A major chunk of downtown office space is now in the hands of one of Richmond’s most well-known businessmen and philanthropists.
Bill Goodwin’s Riverstone Properties is the new owner of the James Center, a three-building office complex encompassing nearly 1 million square feet at 901, 1021 and 1051 E. Cary St. The company paid $108 million for the properties in a deal that closed Thursday.
Riverstone purchased the James Center from LNR, a commercial loan service that took control of the buildings in September after it was threatened with foreclosure.
With its newest asset secured, Riverstone principals Jeff Galanti and Chris Corrada said the firm is focused on updating the buildings, and maintaining and growing its tenant base.
“We’re talking about tens of millions of dollars,” Galanti said of planned renovations for the office towers. “This property has been neglected for quite some time…and given the momentum occurring in the downtown market, this was a strategic purchase.”
The firm is in talks with designers to update the buildings’ lobbies, elevators and common areas, Galanti said. Upgrades to outdoor plazas are also planned, although Galanti said that would not involve removing the facility’s prominent statues.
Signs of change at James Center are already afoot.
The Wendy’s on the ground floor of the One James Center building at 901 E. Cary St. has closed, and Very Richmond Gallery & Gifts in the Three James Center building at 1051 E. Cary St. is no longer operational.
While the closures were in progress prior to Riverstone purchasing James Center, Corrada said the ground-floor vacancies present opportunities for a new class of restaurant and retail users.
“We now have a great space for a restaurant looking to do breakfast, lunch or catering from that location,” Corrada said of the now-vacant Wendy’s outpost. “We would like to see some new restaurants and retail join the James Center.”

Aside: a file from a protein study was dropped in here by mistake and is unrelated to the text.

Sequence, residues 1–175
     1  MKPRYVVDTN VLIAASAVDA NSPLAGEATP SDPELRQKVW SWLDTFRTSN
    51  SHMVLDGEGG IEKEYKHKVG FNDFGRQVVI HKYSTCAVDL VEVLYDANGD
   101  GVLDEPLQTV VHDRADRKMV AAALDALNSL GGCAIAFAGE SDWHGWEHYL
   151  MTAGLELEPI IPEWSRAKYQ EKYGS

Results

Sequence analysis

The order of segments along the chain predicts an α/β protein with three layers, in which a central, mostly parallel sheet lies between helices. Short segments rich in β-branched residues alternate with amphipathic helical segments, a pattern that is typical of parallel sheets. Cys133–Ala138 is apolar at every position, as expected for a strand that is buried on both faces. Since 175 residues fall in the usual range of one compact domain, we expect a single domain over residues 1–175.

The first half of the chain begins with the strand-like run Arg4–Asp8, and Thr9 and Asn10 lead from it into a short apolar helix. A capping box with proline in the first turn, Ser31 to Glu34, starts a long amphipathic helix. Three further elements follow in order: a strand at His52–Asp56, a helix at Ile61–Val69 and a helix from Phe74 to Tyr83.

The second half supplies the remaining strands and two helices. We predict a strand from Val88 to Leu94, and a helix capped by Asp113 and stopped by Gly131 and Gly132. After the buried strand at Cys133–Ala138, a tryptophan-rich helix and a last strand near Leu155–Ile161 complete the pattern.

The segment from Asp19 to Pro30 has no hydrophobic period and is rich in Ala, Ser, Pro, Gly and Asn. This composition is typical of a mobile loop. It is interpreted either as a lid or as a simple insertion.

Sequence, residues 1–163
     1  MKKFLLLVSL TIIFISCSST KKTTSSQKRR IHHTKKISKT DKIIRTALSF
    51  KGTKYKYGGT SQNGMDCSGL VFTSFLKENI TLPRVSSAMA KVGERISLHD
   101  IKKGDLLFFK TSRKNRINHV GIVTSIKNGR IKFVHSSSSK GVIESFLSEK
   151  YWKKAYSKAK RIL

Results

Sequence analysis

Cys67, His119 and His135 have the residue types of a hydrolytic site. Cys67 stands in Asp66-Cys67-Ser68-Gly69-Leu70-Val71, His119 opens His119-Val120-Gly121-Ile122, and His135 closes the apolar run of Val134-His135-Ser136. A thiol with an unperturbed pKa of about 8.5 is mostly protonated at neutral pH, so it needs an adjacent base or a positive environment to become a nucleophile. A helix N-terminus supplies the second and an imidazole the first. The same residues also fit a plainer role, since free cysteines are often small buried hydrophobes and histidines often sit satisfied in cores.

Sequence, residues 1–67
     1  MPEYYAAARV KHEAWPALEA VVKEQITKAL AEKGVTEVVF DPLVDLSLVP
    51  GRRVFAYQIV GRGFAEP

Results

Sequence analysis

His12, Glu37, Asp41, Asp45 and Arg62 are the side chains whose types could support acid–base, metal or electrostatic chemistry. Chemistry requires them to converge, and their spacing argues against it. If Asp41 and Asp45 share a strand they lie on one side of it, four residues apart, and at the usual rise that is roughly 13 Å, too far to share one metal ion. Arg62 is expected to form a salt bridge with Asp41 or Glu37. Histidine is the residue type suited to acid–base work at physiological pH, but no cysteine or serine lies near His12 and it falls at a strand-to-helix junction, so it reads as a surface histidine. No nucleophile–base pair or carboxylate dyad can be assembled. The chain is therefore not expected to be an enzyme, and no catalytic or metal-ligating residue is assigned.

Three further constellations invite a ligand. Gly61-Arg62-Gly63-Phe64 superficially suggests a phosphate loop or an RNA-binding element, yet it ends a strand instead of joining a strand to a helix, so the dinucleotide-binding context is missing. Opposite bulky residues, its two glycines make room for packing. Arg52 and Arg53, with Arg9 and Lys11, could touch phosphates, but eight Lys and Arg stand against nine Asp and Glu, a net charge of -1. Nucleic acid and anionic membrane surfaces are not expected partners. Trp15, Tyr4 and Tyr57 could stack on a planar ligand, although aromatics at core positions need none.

The James Center maintains Riverstone’s increasing appetite for office space in downtown areas in Richmond and elsewhere–a different type of asset than it’s typically known for.
Its other holdings include high-end hospitality assets like The Jefferson hotel in Richmond and Kiawah Island Golf Resort in South Carolina. It also owns 60 percent of the West Creek Business Park in Goochland County, and is the master developer of CenterPointe, a 700-acre mixed-use development along Route 288 northwest of Powhite Parkway.
Its first big push into urban office space came last October, when it paid $10.7 million for the 16-story BB&T office building at 500 E. Main St. in Norfolk.
The James Center, part of the heart of downtown Richmond, has faced stiff competition from surrounding office buildings and newer office parks in the suburbs. The three towers were built in the 1980s.
The complex suffered a major blow when one of its anchor tenants, the McGuireWoods law firm, moved into its new office tower in the Gateway Plaza.
James Center was put on the market in September by LNR, a commercial loan servicer that took control of the buildings for a lender owed $150 million by the previous owner. That lender pushed for foreclosure, but ultimately was handed the deeds in lieu of foreclosure.
The center’s three buildings have nearly 330,000 square feet of vacant space altogether, fueled largely by One James Center’s 213,000 and Three James Center’s 98,000 square feet of available space, according to HFF’s flier notes.
But where some real estate investors see a challenge, given the James Center’s age and vacancy rates, Riverstone sees opportunity.
The company sees momentum building in the downtown market, especially after CoStar announced it would bring hundreds of jobs downtown and leased 130,000 square feet on the top three floors of the WestRock building at 501 S. Fifth St.
And the nixing of a deal for SunTrust to anchor a new tower at 10th and East Byrd Streets further tightened the Class-A downtown office market and gave Riverstone an opening.
“We see developments in the Richmond office market that work in favor of the James Center,” Corrada said. “This should be the only place people seeking [Class- A] office space should look.”
Richmond-based Colliers International will continue to serve as the James Center’s primary leasing and management team.
Riverstone also has no plans to withdraw the James Center from the Grand Illumination event, which is held every December to mark the start of the Richmond holiday season.
“We have every intention of continuing the wonderful tradition that is the Grand Illumination,” Galanti said.